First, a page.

1

Post Production

Describe the most important post production decisions you made for your different media productions and explain why these decisions were significant. Refer to a range of examples in your answer to show your skills in post production developed over time.

Plan

Feedback – last year we created a rough cut very quickly and showed it to class, we then developed the film as a group. This year I did a rough cut but made sure it replicated the tone of my final film so that the feedback was accurate. Post production skill of creating rough cut allowed me to get audience feedback, by doing multiple showings. Was able to point out what made sense, how the characterisation was portrayed etc. Through showing different versions was able to perfect my film. Said that there should be more shots of him watering plants, unfortunately I didn’t film enough – had to go out and reshoot

Confidence using Final Cut Pro X – Last year used very basic, taught techniques. wasn’t very experimental so lead to a more basic film, no manipulation of pace etc. E.g. When mum is preparing tea, using special effects may have built tension. This year wanted to create murder scene – reversed shot. Filmed on different days – colour correction to make film continuous

Audio – last year just used sound from camera, wasn’t very loud and changed with how close action was to camera. This year used the microphone and boom pole as it was windy. Wind was very loud, contrast to rest of film. Had to re -record sound – more realistic/ natural sounding. Added in diegetic sounds as well – looked for indicator sound but had to record my own as none were royalty free. More authentic.

Essay

My improved post production skills have been vital to the final outcome of my A2 media studies, as they have lead to a more professional and technologically advanced piece of filming. Without the development of my post production abilities, my A2 film would have been very basic and not exciting to watch.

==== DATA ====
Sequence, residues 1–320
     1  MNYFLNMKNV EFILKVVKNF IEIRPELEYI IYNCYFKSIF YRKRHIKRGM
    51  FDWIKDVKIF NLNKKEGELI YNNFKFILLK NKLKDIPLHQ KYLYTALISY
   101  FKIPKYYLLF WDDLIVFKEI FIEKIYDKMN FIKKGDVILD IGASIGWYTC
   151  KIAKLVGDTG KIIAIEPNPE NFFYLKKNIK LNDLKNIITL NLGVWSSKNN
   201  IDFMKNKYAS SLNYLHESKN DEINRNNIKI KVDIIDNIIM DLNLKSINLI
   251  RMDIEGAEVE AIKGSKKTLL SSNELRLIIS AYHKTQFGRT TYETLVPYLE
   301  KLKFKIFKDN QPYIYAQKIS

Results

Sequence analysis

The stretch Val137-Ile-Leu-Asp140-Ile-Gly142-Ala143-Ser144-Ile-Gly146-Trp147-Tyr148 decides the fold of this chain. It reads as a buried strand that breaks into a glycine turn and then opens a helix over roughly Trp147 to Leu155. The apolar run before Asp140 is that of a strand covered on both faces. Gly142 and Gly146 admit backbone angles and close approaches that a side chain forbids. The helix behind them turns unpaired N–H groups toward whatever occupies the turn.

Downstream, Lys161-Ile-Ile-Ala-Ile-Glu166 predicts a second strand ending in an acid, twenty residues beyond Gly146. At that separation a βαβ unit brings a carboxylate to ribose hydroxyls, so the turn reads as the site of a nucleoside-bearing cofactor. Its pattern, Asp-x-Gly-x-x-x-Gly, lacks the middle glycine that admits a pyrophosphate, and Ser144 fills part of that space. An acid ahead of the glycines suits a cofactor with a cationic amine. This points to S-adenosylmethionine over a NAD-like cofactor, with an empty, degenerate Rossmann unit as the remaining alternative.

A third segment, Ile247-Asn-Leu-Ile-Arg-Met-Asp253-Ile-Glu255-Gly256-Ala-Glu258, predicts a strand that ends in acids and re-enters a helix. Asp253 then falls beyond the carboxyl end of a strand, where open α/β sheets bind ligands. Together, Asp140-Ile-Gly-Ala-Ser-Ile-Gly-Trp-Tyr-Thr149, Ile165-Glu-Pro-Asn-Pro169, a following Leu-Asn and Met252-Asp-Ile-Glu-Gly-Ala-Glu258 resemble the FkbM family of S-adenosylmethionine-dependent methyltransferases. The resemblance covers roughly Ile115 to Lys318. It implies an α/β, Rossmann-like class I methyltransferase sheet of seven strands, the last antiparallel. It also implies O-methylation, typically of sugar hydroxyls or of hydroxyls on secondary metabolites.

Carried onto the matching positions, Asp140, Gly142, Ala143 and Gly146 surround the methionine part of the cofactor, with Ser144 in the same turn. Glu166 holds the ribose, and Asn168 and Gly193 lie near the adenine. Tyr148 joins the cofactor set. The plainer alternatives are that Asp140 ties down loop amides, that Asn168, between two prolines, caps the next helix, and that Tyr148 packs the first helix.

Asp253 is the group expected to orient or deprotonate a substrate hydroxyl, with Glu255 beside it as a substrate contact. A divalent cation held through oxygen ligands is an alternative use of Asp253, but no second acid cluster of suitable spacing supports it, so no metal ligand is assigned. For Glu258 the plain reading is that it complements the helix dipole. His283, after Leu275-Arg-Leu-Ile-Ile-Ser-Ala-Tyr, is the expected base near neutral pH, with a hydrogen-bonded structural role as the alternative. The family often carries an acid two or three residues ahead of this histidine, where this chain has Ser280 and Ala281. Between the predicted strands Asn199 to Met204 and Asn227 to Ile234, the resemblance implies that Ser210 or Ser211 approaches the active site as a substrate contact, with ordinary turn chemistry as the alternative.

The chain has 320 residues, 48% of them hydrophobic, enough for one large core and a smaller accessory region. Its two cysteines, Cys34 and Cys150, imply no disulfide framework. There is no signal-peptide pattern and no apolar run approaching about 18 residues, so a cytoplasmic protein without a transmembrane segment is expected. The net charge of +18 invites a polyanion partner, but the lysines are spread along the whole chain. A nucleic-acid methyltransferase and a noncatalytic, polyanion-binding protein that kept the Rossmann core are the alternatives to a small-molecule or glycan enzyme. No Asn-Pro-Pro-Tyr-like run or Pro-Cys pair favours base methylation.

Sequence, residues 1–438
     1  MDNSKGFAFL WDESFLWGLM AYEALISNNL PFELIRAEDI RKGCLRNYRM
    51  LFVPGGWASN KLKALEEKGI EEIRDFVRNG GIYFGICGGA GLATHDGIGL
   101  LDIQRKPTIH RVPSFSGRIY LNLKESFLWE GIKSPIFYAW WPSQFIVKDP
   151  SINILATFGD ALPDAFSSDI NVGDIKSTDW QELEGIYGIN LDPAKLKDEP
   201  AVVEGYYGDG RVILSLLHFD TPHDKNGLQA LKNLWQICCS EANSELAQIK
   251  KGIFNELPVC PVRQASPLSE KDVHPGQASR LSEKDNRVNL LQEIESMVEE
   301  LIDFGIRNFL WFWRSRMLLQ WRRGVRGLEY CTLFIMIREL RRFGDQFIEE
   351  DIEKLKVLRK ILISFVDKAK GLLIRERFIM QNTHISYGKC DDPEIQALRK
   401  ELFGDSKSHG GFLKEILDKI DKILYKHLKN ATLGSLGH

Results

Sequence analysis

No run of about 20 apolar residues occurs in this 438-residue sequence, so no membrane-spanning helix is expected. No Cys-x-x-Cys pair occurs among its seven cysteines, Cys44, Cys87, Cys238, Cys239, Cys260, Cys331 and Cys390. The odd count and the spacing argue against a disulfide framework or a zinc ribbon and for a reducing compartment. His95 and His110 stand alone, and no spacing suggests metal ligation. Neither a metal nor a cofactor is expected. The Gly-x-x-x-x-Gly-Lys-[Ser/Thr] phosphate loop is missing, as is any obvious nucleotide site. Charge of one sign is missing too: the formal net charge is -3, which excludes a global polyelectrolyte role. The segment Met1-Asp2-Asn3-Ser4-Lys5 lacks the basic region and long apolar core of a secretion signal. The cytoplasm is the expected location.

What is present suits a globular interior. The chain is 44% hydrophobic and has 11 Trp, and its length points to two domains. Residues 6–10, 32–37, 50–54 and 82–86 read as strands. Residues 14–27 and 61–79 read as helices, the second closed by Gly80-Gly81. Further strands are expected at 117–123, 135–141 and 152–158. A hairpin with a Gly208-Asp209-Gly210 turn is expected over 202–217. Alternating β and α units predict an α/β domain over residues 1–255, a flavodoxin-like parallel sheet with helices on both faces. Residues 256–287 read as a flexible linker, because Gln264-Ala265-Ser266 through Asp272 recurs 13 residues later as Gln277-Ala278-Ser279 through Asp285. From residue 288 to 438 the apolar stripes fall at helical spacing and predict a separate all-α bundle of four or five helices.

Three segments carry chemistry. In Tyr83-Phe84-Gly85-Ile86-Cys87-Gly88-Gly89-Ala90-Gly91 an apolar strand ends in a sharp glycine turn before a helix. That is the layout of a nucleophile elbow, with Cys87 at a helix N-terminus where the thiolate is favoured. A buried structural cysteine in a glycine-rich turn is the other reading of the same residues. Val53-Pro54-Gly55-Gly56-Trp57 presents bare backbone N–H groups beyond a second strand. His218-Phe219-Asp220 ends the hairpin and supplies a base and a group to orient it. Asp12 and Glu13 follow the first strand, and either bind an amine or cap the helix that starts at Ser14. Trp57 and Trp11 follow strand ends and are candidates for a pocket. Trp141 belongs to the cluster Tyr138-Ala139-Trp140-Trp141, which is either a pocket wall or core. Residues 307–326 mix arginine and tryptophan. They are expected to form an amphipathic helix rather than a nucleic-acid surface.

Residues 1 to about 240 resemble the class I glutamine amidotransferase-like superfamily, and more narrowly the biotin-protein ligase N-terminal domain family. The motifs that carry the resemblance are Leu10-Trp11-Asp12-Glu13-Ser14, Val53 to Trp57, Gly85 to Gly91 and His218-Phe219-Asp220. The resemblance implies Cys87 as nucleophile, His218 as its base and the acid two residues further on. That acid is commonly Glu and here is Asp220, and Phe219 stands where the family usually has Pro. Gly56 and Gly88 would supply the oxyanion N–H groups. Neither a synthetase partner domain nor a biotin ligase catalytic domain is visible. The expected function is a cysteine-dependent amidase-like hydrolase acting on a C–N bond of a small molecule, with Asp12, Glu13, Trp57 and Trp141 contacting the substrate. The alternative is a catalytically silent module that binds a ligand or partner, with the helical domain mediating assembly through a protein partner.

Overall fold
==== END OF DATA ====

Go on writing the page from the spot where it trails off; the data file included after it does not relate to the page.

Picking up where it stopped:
Through developing my post production skills, I have learnt the importance of receiving feedback on the post production work I have done. Last year, my group and I only presented our initial rough cut for our AS coursework, ‘Mummy’s Girl’. We gained a lot of helpful comments in terms of whether the plot made sense, but as our film was only in the early stages we weren’t able to receive any technical advice, such as whether a shot was too long or if the pace was wrong. For example, Mummy’s Girl featured a shot of the mother making tea for her and her daughter which we as a group felt lasted too long. If we had asked for feedback on this aspect, we would have been able to edit this section so that it suited the desires of our target audience. This lead to my group creating a film from only our perspective, which hindered our final outcome as we didn’t really get an insight into the audiences expectations. Through our poor post production skills, this year, for ‘Green Fingers’ I made sure to do several viewings to a variety of people to ensure that I had an idea what each age group thought of my film. Through doing this, I was able to make sure that the end of my film ran smoothly, as it featured a lot of short shots that were difficult to piece together without ruining the pace. By showing others frequently and asking for feedback, I was able to adapt the ending to ensure it made sense to the audience members, as my peers suggested slowing down the shots to make everything easier to understand. Through improving my post production skills in terms of asking for feedback, I was able to create a short film that was easy to understand by the audience, which if it were a real, released short film, would be an incredibly important factor.